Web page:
So, how did you come by these two pieces?
I bought them at the market at Hexham on a Sunday morning.
-How long ago?
-I would say about ten years ago.
OK. And how much did you pay for them?
It's a while. I can't remember.
-I probably would've paid £20 or £30.
-For the two of them?
-Something like that, yeah.
-Gosh! No! Really?
-The pie dish could be worth that alone.
-Could it? Right.
-That is a nice pie dish, isn't it?
-Yes, it is.
This would have been made around
the northern part of Staffordshire, in the potteries.
Slipware like this dates back to the 17th Century.
Thomas Toft, people like that, you know.
Very, very collectable pieces.
Also, you can get pieces that are dated in Slip, as well.
And they are so desirable. Oh, they really are.
This looks like a marriage piece.
Two hearts joining, saying, "I love you. Here's the key to my heart."
Yes. That's what I thought.
Isn't that nice? I love this. You know what the Slip is, don't you?
It's a coloured liquid clay which is trailed on afterwards.
I'm pretty sure this is a one-off.
It's just such a shame that it's not dated, it really is.
-Because that would tell a whole story of social history.
I like this pinchwork around the top.
That tells you it's a proper pie dish.
It reminds me of me mam.
Me mam used to make plate pies for me dad
and she used to crimp the pastry around the edge of the plate.
And that reminded us a lot of that.
And when you pull it out of the oven, it's all crumbly on the edge.
-They are the best bits, aren't they?
Very, very nice.
I'd say they're sort of circa 1880, late Victorian.
-So that kind of rules the purest collectors out.
But there's still plenty of people at entry level
and folk art collectors and country pottery collectors
-that will just die for these.
Well, I think we'll put them in as one lot
because they belong together. They shouldn't be separated.
How about if I said, let's put them into auction
with a price guide of £300-500?
-That would be brilliant.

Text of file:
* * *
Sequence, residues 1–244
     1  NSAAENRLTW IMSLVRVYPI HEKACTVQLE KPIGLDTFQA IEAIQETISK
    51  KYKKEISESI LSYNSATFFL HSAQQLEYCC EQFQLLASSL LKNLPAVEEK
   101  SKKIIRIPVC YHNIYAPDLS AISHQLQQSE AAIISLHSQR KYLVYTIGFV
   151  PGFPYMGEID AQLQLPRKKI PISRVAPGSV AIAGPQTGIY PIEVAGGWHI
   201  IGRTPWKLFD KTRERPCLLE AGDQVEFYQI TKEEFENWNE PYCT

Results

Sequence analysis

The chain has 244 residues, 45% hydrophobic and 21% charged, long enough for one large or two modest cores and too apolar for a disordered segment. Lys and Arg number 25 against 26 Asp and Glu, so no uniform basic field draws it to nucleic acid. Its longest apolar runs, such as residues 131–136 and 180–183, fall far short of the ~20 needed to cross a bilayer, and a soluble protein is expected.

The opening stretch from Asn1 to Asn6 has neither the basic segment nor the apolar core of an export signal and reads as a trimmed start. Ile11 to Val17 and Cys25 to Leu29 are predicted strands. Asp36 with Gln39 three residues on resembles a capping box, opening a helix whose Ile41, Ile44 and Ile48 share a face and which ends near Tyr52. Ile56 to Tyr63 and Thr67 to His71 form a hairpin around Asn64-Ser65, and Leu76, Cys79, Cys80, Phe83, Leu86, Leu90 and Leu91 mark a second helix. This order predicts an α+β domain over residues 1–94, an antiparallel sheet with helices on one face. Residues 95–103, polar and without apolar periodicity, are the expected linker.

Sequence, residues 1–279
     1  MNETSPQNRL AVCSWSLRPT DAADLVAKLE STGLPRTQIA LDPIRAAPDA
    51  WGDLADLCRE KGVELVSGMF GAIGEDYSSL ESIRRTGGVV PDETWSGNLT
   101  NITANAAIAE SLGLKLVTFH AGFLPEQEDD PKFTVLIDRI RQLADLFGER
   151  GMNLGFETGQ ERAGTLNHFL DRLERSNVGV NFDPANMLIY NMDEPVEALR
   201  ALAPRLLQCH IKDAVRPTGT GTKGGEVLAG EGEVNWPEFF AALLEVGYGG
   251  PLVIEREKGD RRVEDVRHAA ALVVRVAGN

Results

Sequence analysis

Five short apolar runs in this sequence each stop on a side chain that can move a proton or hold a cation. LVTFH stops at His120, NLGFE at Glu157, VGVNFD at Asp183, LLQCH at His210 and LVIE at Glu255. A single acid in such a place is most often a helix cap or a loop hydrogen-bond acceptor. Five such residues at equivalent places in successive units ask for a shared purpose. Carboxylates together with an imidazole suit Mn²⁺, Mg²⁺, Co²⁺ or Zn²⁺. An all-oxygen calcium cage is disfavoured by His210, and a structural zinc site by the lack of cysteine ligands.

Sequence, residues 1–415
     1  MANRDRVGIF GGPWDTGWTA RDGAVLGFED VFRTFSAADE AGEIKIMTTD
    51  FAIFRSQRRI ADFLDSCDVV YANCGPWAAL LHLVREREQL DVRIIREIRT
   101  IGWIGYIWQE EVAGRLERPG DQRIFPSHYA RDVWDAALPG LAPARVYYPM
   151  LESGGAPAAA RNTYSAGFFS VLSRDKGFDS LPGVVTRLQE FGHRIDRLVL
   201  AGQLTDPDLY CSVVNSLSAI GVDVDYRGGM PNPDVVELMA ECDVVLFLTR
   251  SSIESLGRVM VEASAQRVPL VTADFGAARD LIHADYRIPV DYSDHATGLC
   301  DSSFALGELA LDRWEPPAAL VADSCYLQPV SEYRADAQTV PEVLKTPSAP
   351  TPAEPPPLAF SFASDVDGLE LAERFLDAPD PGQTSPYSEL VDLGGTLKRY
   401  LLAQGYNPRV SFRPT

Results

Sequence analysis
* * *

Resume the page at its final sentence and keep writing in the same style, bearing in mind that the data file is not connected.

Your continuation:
'David is with Trevor and a piece of local maritime history.'
This is more than just a visitors book. What can you tell me about it?
I believe it's from the Swan Hunter's
Wigham and Richardson shipyard on the Tyne.
And it lists all the ships that were built
during the period of that shipyard's life, I believe.
At each launch, all the visitors, dignitaries,
both local and national,
signed the book at the launching of the ship.
These superbly illuminated pages.
Each one with a flag or a spray of flags.
HMS AS Natal.
Presumably Her Majesty's South African ship, Natal.
And there's a South African flag
and some signatures beneath that,
one of whom is the High Commissioner of South Africa.
And then it's interesting to note that in the early days,
we really just had signatures.
And we go back to 1911, is the first entry.
Um, it tells a tale of the splendour, really,
that was British industry
in the middle years of the 20th Century.
And I must say,
I think it's the best thing I've ever seen on "Flog It!".
I'm very grateful to you for bringing it in.
The social significance of this, I think, is enormous.
How did you come by it?
Well, I believe it was found in a skip
down in the area where the shipyards were
at a clearing-out of the shipyards.
It was given to me a few years later by the person who found it.
And I've had it for at least 15, 16, 17 years.
I can't remember how long now.
It's just staggering that things like this
have somehow slipped through the net.
-Um, I mean, you're obviously happy to sell it.
It's lying on a bookcase, it has done for a lot of years.
And I think now's the time
perhaps somebody should have it who will appreciate it more than I will.
-Someone must get their teeth into it.
-There's a lot of research.
I'm sure the auctioneers will help us with that.
It's practically impossible to value something like this.
As I say, there's homework yet to be done,
but I would be inclined to come up with an estimate
in the region of £300-500.
Um, and suggest a reserve of £300.
But I must say, I hope it makes quite a bit more than that.
And I'm confident that it will.
-Um, is that OK by you?
-That's fine, yeah.
'As David said,
'the book is a significant piece of ship-building history,
'being one of North East England's key industries
'over the last 150 years
'and a source of employment and wealth to this area.
'It's a great item.'
# You were right, you were right You were right